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United Daily News: Rescue Taiwan's economy

2013/05/29 11:11:39

Premier Jiang Yi-huah announced a package of 13 economic stimulus measures on Tuesday in the hope of securing 3 percent GDP growth this year.

The move came just a few days after the Directorate General of Budget, Accounting and Statistics lowered its 2013 growth projection to 2.4 percent, down from the previous forecast of 3.59 percent.

In order to revitalize the economy, the government has promoted numerous short-term and long-term measures, including the "Economic Power-Up Plan" that was introduced with much fanfare last September.

Despite the many steps taken, however, nothing has seemed to work. The latest package focuses on expanding consumer spending, boosting domestic investment, encouraging innovation and new business start-ups, and revising the capital gains tax on stock sales. The content is not at all inspiring because it did not go beyond the existing policy framework.

Moreover, the government is planning to invest a mere NT$3.24 billion over five years in the new package. How can we expect it to rescue Taiwan's weak economy?

In fact, the key to ensuring the success of economic policies lies in changing people's expectations and lifting their confidence and morale so that they are willing to invest and consume.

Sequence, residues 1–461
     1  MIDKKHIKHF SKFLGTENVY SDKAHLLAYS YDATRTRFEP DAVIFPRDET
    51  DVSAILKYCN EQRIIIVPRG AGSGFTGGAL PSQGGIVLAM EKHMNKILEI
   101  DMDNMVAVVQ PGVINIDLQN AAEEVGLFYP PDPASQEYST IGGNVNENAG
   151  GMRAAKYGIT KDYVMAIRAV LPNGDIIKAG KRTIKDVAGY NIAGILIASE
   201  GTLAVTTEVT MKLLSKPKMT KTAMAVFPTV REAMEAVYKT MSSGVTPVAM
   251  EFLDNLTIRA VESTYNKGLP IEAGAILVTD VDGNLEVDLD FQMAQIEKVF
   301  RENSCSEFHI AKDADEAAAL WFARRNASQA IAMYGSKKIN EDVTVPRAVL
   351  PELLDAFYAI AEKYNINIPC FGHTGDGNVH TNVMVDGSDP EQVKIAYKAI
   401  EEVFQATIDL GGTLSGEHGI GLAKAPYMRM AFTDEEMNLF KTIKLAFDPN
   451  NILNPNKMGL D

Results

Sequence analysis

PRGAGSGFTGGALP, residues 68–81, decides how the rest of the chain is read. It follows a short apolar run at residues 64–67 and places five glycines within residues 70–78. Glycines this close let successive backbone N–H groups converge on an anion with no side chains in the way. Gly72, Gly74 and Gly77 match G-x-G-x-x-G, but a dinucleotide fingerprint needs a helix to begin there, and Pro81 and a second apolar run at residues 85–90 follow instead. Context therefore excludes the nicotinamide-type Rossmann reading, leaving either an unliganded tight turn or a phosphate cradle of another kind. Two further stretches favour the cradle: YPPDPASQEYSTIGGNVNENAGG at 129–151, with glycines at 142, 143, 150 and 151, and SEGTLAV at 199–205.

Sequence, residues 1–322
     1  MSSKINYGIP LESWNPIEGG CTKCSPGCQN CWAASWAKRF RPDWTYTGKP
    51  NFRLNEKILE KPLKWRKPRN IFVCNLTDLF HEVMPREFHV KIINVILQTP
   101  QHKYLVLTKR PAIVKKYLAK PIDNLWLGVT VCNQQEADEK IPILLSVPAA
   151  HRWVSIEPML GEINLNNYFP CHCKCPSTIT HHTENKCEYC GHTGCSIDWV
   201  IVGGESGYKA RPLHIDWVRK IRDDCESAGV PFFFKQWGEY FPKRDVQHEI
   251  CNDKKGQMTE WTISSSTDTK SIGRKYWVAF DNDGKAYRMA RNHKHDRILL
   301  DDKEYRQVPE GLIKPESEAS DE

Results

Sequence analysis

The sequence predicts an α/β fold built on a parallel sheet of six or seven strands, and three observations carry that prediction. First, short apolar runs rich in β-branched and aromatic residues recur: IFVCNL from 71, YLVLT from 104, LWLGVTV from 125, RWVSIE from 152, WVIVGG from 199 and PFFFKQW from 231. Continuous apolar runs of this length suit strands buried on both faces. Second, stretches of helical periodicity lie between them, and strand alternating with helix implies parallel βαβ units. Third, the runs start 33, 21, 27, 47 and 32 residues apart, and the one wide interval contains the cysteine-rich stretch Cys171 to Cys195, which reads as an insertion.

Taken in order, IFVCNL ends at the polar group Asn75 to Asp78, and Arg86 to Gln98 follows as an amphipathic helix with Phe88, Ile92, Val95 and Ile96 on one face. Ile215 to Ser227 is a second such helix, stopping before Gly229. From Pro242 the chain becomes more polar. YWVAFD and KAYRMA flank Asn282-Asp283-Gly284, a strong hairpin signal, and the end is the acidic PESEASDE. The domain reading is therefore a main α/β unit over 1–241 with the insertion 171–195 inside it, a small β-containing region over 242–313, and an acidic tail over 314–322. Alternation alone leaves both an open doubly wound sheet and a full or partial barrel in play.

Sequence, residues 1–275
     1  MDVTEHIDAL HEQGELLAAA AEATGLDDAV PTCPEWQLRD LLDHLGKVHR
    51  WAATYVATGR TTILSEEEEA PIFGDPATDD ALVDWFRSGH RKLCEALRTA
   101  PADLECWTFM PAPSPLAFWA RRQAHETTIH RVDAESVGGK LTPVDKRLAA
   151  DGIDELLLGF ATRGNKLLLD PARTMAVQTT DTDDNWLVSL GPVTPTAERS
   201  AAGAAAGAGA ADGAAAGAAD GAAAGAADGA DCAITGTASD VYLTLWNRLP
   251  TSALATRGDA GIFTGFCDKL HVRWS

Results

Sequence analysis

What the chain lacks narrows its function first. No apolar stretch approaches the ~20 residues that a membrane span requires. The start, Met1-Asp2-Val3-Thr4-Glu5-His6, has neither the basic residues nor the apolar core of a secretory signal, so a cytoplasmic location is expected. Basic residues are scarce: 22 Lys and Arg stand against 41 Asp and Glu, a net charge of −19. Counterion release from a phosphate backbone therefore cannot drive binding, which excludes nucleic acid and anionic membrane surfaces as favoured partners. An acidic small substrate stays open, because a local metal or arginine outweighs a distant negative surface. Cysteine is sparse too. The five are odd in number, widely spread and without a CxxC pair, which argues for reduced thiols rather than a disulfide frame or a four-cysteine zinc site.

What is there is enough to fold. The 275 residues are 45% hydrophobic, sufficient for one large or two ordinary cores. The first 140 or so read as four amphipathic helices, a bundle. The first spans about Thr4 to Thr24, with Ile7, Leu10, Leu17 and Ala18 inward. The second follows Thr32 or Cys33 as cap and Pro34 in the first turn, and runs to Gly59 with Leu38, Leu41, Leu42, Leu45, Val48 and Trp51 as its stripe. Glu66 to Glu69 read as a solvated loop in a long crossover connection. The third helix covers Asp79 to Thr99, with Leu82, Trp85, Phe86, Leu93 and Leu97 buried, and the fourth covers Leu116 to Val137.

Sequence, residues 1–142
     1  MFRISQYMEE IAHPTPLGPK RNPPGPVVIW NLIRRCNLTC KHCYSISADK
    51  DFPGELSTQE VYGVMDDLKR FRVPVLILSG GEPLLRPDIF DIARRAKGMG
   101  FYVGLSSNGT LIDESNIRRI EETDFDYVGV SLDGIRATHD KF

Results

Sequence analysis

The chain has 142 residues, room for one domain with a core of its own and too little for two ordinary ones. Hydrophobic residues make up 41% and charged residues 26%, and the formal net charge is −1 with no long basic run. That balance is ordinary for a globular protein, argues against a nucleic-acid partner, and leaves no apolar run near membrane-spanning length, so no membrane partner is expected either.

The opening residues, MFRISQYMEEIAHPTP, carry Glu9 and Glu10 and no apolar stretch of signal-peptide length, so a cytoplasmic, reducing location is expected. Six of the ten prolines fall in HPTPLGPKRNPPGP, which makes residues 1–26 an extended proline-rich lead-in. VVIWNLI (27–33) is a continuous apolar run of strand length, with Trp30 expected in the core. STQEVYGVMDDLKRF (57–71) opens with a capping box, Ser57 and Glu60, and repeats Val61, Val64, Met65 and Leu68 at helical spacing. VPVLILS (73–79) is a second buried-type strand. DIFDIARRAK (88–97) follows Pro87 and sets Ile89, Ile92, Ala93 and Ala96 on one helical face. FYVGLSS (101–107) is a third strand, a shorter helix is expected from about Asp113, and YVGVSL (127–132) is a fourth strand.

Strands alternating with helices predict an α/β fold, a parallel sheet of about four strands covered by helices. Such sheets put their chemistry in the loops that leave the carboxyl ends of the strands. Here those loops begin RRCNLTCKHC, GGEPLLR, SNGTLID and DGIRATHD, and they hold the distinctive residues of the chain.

The government's top priority should be to eliminate uncertainties haunting the economy rather than promoting more stimulus plans. Those uncertainties include finalizing reforms to the stock gains tax and pension programs, making a decision on whether to adjust electricity rates, and helping businesses deal more confidently with the devaluation of the Japanese yen.

Also, there is a need for the government to integrate, review and reorganize existing stimulus plans to demonstrate its leadership and execution ability. Only by doing so can the government change its image of being "incompetent" and rebuild people's confidence in the economy. (Editorial abstract -- May 29, 2013)

(By Y.F. Low)
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